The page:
while the government of the USA is in lock-down as the Senate did not pass the new budget. Thus everyone at the NSA has gone home.

    OK: I know, but it is nice to occasionally dream ...

  12. Mikel

    Responsible observation

    "That eavesdropping fits very squarely within the remit of FISA, which allows US spies to intercept the communications of American citizens if they are seen to be communicating with foreign intelligence targets."

    Yes. When foreign spies are conspiring with your political candidates to overthrow your government, that is squarely within the remit of the "National Security Agency" by definition.

    1. tom dial Silver badge

      Re: Responsible observation

      It might be premature to describe what is publicly known as "foreign spies ... conspiring with your political candidates to overthrow your government." The last time I looked there were two indictments for activities unrelated to any political campaign that, in addition, took place well before the 2016 presidential election cycle began, and two for lying to FBI agents about activities that may be open to question but are not illegal on their face.

      There probably will be more to come, and some of it may go over the limit of what is legal. Technically, Flynn may have exposure here, but under a law on the books for over 200 years that, as far as I know, never has been used in a successful prosecution despite quite a few fairly recent opportunities. We certainly need to attend to this and let both the special prosecutor's and various congressional investigations run their respective courses., but constant whipping up of hysteria is unlikely to be beneficial.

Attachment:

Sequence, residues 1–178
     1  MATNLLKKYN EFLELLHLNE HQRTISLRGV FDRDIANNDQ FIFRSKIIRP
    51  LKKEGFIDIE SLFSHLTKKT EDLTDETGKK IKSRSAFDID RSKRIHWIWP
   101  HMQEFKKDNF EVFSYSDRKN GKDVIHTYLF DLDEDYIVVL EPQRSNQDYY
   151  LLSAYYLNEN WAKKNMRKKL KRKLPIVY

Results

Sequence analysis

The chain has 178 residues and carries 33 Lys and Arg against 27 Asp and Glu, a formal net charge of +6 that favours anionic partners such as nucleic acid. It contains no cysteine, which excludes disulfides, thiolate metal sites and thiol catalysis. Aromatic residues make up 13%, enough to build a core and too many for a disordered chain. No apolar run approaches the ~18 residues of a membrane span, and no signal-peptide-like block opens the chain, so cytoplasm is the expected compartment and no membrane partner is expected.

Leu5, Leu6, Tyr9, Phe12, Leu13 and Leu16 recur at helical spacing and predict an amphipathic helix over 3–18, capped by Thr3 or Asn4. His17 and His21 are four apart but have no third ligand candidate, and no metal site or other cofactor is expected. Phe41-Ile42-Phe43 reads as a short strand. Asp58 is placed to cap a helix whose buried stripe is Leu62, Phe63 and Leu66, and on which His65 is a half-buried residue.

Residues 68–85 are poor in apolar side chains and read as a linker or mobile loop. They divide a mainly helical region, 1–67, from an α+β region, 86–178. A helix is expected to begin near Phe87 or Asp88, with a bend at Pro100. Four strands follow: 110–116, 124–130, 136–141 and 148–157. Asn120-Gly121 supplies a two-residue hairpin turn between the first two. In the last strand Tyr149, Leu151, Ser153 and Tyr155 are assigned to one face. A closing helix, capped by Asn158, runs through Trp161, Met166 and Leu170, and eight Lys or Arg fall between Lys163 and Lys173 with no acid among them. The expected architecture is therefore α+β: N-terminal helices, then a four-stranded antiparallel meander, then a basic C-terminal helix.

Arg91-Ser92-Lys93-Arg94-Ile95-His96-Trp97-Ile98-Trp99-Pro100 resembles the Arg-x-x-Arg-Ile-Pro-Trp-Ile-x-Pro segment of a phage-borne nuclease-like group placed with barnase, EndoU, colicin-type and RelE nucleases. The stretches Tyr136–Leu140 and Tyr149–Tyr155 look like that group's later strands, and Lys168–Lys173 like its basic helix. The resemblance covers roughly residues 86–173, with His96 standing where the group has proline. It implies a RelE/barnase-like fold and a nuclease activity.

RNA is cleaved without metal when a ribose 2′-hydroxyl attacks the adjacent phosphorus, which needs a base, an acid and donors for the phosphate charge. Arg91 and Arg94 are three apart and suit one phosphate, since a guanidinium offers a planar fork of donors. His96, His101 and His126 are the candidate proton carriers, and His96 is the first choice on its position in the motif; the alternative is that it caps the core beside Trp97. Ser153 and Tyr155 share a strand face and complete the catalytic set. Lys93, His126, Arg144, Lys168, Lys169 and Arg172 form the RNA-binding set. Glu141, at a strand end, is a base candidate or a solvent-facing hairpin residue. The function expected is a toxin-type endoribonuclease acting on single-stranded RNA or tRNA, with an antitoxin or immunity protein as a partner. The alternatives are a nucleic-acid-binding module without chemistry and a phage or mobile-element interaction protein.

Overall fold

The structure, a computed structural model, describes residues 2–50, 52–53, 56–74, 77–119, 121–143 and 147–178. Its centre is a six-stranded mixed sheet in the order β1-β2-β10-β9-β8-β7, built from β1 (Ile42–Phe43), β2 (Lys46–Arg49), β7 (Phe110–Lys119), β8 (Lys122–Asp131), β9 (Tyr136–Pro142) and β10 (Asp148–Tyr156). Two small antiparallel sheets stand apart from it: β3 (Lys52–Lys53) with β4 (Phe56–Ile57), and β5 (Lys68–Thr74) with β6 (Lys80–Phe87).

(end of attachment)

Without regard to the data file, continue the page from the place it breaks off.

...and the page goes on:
2. Anonymous Coward
      Anonymous Coward

      Re: Responsible observation

      Funny, there's zero evidence for any conspiracy between the Trump campaign and any Russians, and quite significant evidence that the Clinton campaign along with the FBI and the Obama administration colluded with Russians to rig the election and hence overthrow the government.

      Perhaps the surveillance should have been used to listen to what the Clinton campaign, Simpson of Fusion GPS, Christopher Steele, and Bruce Ohr (and his wife who was employed by Fusion to work on the Trump "dossier"), Peter Strzok, Rod Rosenstein, and others in the FBI and DOJ were talking about, no ? And just what WAS that "insurance policy" that Strzok and others discussed with McCabe in the deputy director of the FBI's office - could it be a plan to invoke a special counsel enquiry into Russian collusion after the election ? Isn't that treason ?

      1. ST Silver badge
        Terminator

        Re: Responsible observation

        Speaking of Responsible observations: